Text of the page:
Uniform 03.03.2015: Baptized by the Spirit

John 1:29-34

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Do you have a baptism story? I do. I was ten, and I remember facing my baptism with a mixture of excitement and dread. I knew it was a big thing to do—that it showed my commitment to Jesus in front of the entire church, that it was something hundreds of believers had done before me in that very baptistery, that it was expected. I also knew that the stairs were narrow, the tub deep, the robe thin. It was a vulnerable experience, and many pairs of eyes would watch it happen to me.

At ten, I was old enough to understand the basic symbolism behind the act, but I didn’t fully grasp its meaning until years later. I sat in a Sunday school class with other young adults, all of us in our twenties and early thirties, just beginning to embark on the adventures of marriage and parenthood. We were a fairly diverse group when it came to spiritual opinions and biblical interpretations. The subject of baptism was on the table that day, and one young man shared that he was not considered a member of our church. We were surprised and wondered why.

“Because I refuse to be dunked,” he said. He further explained that he had grown up Catholic and had been “sprinkled” into the faith as an infant. For him, that event was meaningful and symbolic enough to cover his entire life of faith. Our church at the time had established a bylaw that required those who wished to be members to show proof of “believer’s baptism.” If not, they had the option of being baptized in the baptistery—their entire bodies dunked into the water to show death to an old life and resurrection to new life in Christ.

My friend’s comment sparked some debate in Sunday school that day. There was no prevailing opinion, no “winner” or “loser.” But all of us knew this man well and were certain of his faith in Jesus—the dunking versus sprinkling issue aside.

The point of our lesson text seems to be that there are two types of baptism: baptism with water and baptism with the Spirit. Human beings can perform only the first kind on the body. God alone performs the second kind on the soul. And the result of both is that Christ will be “revealed” (v. 31) and his identity “testified” so that others may know him (v. 34).

In my life, it seems that I am in constant need of the baptism of the Holy Spirit. Though I let myself be dunked in the water at church nearly three decades ago to show my choice to follow Christ, I need renewal in the Spirit several times a week—and often several times a day. There’s always something old in my heart that needs to be washed away and renewed, and Christ through the Holy Spirit is the only one who can do that for me.

Discussion

1. Do you have a baptism story? If so, what is it?
2. To you, what is the difference between baptism by water and baptism by the Holy Spirit? Do you think it’s possible to have one without the other? Why or why not?
3. Have you ever been involved in a debate about the different types of baptism offered by churches of various traditions? If you resolved the debate, what did you conclude?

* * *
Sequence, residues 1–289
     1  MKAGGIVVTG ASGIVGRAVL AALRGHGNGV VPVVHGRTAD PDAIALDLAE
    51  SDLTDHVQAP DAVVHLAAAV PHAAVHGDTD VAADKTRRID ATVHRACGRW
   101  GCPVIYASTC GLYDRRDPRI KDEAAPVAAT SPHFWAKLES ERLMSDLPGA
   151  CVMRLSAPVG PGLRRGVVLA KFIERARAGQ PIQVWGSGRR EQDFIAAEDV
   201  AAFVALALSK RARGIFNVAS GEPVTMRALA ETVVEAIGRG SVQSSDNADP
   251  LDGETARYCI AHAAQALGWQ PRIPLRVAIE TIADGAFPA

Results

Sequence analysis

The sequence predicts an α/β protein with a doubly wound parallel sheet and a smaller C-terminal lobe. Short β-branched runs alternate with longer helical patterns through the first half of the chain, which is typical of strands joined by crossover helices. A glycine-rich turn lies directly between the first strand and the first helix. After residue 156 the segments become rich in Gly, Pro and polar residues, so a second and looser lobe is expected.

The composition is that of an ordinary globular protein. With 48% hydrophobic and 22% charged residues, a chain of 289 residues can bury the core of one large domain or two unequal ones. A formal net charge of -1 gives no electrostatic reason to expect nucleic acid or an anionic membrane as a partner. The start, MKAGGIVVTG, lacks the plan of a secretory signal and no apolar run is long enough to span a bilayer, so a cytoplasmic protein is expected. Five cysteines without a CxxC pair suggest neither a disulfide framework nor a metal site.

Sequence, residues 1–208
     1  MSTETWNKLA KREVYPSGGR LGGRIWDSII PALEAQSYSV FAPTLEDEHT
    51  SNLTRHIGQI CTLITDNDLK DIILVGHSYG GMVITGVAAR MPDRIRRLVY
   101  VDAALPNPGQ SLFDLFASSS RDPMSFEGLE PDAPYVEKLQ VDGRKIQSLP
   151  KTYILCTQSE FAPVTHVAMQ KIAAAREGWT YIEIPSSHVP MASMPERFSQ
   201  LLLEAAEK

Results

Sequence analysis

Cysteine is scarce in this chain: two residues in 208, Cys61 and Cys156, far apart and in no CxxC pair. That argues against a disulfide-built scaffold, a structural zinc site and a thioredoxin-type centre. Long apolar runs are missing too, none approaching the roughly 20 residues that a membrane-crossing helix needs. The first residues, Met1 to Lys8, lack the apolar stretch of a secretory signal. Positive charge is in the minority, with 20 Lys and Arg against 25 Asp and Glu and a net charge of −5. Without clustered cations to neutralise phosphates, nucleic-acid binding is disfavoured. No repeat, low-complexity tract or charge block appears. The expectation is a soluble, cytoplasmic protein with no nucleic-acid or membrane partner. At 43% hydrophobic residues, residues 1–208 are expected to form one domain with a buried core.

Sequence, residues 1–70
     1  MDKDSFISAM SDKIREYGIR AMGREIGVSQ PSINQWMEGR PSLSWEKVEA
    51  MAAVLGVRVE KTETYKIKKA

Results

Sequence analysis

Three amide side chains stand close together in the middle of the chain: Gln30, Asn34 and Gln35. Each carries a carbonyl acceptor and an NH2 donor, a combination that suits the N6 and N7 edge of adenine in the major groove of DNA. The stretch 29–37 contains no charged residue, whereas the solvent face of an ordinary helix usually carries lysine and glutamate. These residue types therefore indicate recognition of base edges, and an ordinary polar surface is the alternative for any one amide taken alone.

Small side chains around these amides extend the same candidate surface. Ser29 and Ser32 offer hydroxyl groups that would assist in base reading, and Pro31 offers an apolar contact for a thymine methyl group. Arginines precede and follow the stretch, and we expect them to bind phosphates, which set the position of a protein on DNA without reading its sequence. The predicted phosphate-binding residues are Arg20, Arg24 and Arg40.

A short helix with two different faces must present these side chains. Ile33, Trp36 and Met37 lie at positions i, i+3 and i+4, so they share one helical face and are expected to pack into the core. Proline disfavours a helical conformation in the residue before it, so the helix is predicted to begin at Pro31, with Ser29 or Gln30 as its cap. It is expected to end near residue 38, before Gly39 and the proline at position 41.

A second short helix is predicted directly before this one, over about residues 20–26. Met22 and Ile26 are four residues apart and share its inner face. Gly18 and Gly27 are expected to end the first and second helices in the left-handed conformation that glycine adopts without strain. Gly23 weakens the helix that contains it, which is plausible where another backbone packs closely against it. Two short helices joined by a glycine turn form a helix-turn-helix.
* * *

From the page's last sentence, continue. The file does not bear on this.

4. What do you think is the true purpose of baptism?
5. Why might it be important to allow the Holy Spirit to renew us often?

Reference Shelf

John the Baptist points to Jesus. A variety of titles and functions are attributed to Jesus in this brief section, some clear and some problematic. “Son of God” is familiar from the epistles (cf. l John 5:5, 12, 13, 20). “Lamb of God who takes away the sin of the world” is problematic. If “takes away the sin of the world” were absent, then the background would surely be Exodus 12:1-11, the paschal lamb. If one understands “takes away the sin of the world” as in the sin offering (cf. 1 John 2:2; 4:10), then the servant of Isaiah 53:7-12, who is like a lamb, who makes himself an offering for sin, and who makes many to be accounted righteous is a likely possibility. If one reads “takes away sin” as synonymous with “destroy the works of the devil” (1 John 3:5, 8), then the apocalyptic lamb who is raised up by God to destroy evil in the world (T. Joseph 19:8; 1 Enoch 90:38; Rev 7:17; 17:14; 5:9) is a credible candidate. That Jesus is “the one who baptizes with the Holy Spirit” precludes any attempt to understand him solely as a prototype of the experience of the Spirit whose function is finished after he has served as a model for others’ experience. For the Johannine community, if one experiences the Spirit, it is because Jesus has performed the baptism.

John baptizes with water so that the Baptizer with the Spirit may be revealed to Israel (vv. 31, 33). There is some evidence that in Jewish circles there existed a belief that the Messiah was hidden and that his identity had to be revealed before he could become known (1 Enoch 62:7; 2 Esdras 12:32; 2 Baruch 29:3; 39:7; Justin, Dialogue with Trypho 8:3; 49:1; 110:1). In the Fourth Gospel the baptismal activity of John is the means by which the Baptist comes to a recognition of Jesus.

Reference

Charles H. Talbert, Reading John, Smyth & Helwys Bible Commentary (Macon GA: Smyth & Helwys, 2005) 84-85.

Kelley Land, a graduate of Mercer University, has been an assistant editor for Smyth & Helwys curriculum and book since 2001. She attends church and leads an adult Sunday school class in Macon, Georgia. She enjoys reading fiction, spending time with her two daughters (ages 10 and 8), and watching television shows on Netflix. Her goal for 2015 is to tackle the bass clef on the piano.

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